Dr. Field's research focuses on the modifiable causes, correlates, consequences, and course of overweight, weight gain, unhealthy eating patterns, bulimic behaviors, and eating disorders among children, adolescents, and adult women.
She is a co-founder and former co-Director of the Growing Up Today Study, which was established in 1996 to assess the predictors of dietary intake, activity, and weight gain among children and adolescents during a four year period. Her research within the study is primarily related to the epidemiology of weight gain, obesity, weight concerns, bulimic behaviors and eating disorders. She has published extensively on risk factors for developing bulimic behaviors and obesity among the youth in the cohort. Currently she has one R01 from the NIMH to investigate how eating disorders should be best classified. As part of that project she is evaluating the current DSM-IV criteria and the proposed DSM-5 criteria, as well as empirically deriving a classification. All of these classifications are being evaluated among the 16,882 adolescents and young adults in GUTS. She found that bulimia nervosa (BN) affected approximately 1% of adolescent females; however, another 2-3% purge but do not binge eat (i.e., purging disorder, PD) and another 2-3% binge eat but do not purge (i.e., binge eating disorder, BED). Thus, the DSM-IV classification missed most eating disorders. PD is part of the large eating disorders not otherwise specified group in DSM-IV. The data suggests that PD is much more common than BN, but is similar to BN in terms of being associated with greater risk of starting to use drugs (odds ratio (OR)=1.7) and starting to binge drink frequently (OR=1.8).
In addition, she has a R01 from the NIDDK to continue following the 10,442 participants in the Growing Up Today Study (GUTS) II cohort to assess the independent and joint associations of intake of sugar-sweetened beverages (soda, sports drinks, energy drinks, and sweetened coffee drinks) and prepared foods with waist circumference, hypertension, BMI gain and the development of obesity. She is also mentoring a student investigating how non-hunger cues to eat, emotional and externally-induced eating, are related to weight status. She has found that emotional eating is strongly related to overweight, but externally induced eating is not. The role of non-hunger cues to eat is a growing area of interest to her. Not only will she be evaluating it in the GUTS II cohort as part of a R01, but also she is in the process of evaluating a smartphone app to track conscious and unconscious non-hunger cues to eat.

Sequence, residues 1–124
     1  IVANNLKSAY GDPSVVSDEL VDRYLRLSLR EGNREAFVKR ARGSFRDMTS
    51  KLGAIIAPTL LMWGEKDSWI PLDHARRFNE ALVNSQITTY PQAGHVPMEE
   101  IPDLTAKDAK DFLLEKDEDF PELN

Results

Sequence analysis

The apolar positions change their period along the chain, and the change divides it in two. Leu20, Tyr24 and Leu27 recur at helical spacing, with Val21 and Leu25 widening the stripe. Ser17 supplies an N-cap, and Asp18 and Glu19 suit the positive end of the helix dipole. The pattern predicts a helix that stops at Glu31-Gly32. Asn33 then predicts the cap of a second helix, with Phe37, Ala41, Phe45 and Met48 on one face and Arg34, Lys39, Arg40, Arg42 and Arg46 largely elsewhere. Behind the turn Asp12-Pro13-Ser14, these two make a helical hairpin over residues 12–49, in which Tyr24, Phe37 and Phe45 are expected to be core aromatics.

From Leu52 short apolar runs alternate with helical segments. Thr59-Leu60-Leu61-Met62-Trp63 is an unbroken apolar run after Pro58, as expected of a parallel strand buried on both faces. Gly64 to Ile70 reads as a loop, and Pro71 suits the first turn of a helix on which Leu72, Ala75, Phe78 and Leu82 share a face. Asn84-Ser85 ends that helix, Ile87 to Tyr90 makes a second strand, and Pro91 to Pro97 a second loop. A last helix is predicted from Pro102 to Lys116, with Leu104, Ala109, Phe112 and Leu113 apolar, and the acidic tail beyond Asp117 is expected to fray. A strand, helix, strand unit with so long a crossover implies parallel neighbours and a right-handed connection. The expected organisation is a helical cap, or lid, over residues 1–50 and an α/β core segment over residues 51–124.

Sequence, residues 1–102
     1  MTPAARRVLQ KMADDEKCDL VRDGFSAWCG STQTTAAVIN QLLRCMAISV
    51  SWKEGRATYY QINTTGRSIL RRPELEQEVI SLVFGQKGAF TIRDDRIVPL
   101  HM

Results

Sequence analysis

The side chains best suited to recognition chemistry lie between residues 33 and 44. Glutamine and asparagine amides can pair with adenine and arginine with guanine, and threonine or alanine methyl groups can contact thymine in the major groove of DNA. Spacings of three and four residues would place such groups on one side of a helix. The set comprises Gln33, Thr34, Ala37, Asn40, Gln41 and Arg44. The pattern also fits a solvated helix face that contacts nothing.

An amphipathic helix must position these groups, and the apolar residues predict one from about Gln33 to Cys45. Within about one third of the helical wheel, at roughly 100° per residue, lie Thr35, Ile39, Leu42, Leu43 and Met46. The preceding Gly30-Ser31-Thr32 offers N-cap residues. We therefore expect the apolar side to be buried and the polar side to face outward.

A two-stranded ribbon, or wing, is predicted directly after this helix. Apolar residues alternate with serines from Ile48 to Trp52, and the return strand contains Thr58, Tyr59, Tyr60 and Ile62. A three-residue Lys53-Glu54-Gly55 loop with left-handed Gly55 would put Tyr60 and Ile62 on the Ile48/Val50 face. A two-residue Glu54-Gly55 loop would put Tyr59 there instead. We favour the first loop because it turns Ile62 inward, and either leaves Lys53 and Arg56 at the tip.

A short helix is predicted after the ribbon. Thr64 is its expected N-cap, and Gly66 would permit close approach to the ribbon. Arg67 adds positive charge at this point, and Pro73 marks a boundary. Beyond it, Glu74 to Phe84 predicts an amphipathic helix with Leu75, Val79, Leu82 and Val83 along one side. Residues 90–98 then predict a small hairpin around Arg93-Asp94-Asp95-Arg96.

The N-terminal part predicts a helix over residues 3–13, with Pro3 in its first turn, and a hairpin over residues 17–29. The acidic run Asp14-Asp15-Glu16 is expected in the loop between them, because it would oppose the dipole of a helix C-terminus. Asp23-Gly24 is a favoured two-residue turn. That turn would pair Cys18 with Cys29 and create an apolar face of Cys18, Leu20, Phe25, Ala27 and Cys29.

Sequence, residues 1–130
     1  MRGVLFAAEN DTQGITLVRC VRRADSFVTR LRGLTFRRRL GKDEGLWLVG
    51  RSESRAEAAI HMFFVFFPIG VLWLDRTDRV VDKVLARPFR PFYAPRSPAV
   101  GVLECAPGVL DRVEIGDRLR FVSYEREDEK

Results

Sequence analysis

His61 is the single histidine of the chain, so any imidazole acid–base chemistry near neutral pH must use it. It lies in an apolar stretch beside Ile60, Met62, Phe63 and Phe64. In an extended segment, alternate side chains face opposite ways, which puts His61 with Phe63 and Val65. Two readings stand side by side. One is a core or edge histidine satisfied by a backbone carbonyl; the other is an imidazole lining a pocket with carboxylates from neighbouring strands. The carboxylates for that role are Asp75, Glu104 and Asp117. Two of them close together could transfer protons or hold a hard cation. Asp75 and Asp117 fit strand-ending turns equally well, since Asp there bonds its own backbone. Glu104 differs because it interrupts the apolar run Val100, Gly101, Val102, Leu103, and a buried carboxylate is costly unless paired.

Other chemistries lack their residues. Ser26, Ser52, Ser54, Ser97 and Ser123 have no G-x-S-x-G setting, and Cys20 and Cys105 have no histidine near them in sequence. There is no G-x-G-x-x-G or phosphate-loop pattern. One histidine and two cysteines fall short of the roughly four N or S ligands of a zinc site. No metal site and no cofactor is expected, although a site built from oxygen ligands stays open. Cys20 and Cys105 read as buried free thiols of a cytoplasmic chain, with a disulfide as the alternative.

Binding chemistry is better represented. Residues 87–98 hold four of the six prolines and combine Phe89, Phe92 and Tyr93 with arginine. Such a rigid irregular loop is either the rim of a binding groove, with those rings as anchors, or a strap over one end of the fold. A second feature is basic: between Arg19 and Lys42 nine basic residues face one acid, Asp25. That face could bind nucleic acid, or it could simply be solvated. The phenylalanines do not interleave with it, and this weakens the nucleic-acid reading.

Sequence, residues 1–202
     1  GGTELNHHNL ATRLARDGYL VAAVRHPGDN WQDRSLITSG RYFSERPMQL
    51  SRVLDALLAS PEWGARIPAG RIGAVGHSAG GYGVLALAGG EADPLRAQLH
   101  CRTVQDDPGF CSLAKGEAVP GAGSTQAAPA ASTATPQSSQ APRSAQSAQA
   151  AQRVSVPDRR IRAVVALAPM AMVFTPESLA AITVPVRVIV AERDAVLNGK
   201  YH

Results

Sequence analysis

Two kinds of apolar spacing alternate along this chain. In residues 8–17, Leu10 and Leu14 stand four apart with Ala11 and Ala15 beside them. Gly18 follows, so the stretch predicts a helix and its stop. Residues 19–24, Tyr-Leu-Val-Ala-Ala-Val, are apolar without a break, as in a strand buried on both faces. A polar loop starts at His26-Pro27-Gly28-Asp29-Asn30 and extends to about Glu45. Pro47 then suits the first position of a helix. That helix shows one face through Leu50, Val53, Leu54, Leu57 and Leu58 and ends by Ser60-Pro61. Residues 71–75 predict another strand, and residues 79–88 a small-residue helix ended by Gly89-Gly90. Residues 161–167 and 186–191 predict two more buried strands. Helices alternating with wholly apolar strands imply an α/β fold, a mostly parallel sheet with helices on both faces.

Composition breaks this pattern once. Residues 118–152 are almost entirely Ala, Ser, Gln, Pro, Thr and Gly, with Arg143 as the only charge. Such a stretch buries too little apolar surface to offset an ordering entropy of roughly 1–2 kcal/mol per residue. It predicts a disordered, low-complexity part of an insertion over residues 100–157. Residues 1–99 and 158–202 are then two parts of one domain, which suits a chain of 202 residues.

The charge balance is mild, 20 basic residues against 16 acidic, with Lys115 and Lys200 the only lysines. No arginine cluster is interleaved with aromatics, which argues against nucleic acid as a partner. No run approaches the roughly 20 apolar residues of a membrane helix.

About Alison Field
Alison Field received her ScD from Harvard School of Public Health. In addition to her appointment at Boston Children's Hospital, she is an Associate Professor in the Department of Epidemiology at the Harvard School of Public Health and an Associate Epidemiologist at Brigham and Women's Hospital.